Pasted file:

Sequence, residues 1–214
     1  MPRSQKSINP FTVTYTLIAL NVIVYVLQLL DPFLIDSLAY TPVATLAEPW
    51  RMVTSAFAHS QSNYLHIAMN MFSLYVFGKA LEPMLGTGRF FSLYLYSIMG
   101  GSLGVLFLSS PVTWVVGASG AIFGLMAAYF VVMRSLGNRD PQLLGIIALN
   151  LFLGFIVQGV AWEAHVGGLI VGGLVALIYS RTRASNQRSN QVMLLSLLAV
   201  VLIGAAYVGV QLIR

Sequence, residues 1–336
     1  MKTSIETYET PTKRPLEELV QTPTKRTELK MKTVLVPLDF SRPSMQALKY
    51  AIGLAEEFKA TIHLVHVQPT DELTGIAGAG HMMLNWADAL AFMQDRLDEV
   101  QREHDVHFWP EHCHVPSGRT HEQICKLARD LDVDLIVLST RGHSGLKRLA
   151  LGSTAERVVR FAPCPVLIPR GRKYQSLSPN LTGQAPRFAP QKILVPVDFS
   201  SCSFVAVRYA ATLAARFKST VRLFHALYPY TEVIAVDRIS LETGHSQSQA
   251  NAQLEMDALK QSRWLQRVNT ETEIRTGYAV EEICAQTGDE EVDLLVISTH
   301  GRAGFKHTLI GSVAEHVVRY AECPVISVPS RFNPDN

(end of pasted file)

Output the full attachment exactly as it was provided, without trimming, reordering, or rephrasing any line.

Sequence, residues 1–214
     1  MPRSQKSINP FTVTYTLIAL NVIVYVLQLL DPFLIDSLAY TPVATLAEPW
    51  RMVTSAFAHS QSNYLHIAMN MFSLYVFGKA LEPMLGTGRF FSLYLYSIMG
   101  GSLGVLFLSS PVTWVVGASG AIFGLMAAYF VVMRSLGNRD PQLLGIIALN
   151  LFLGFIVQGV AWEAHVGGLI VGGLVALIYS RTRASNQRSN QVMLLSLLAV
   201  VLIGAAYVGV QLIR

Sequence, residues 1–336
     1  MKTSIETYET PTKRPLEELV QTPTKRTELK MKTVLVPLDF SRPSMQALKY
    51  AIGLAEEFKA TIHLVHVQPT DELTGIAGAG HMMLNWADAL AFMQDRLDEV
   101  QREHDVHFWP EHCHVPSGRT HEQICKLARD LDVDLIVLST RGHSGLKRLA
   151  LGSTAERVVR FAPCPVLIPR GRKYQSLSPN LTGQAPRFAP QKILVPVDFS
   201  SCSFVAVRYA ATLAARFKST VRLFHALYPY TEVIAVDRIS LETGHSQSQA
   251  NAQLEMDALK QSRWLQRVNT ETEIRTGYAV EEICAQTGDE EVDLLVISTH
   301  GRAGFKHTLI GSVAEHVVRY AECPVISVPS RFNPDN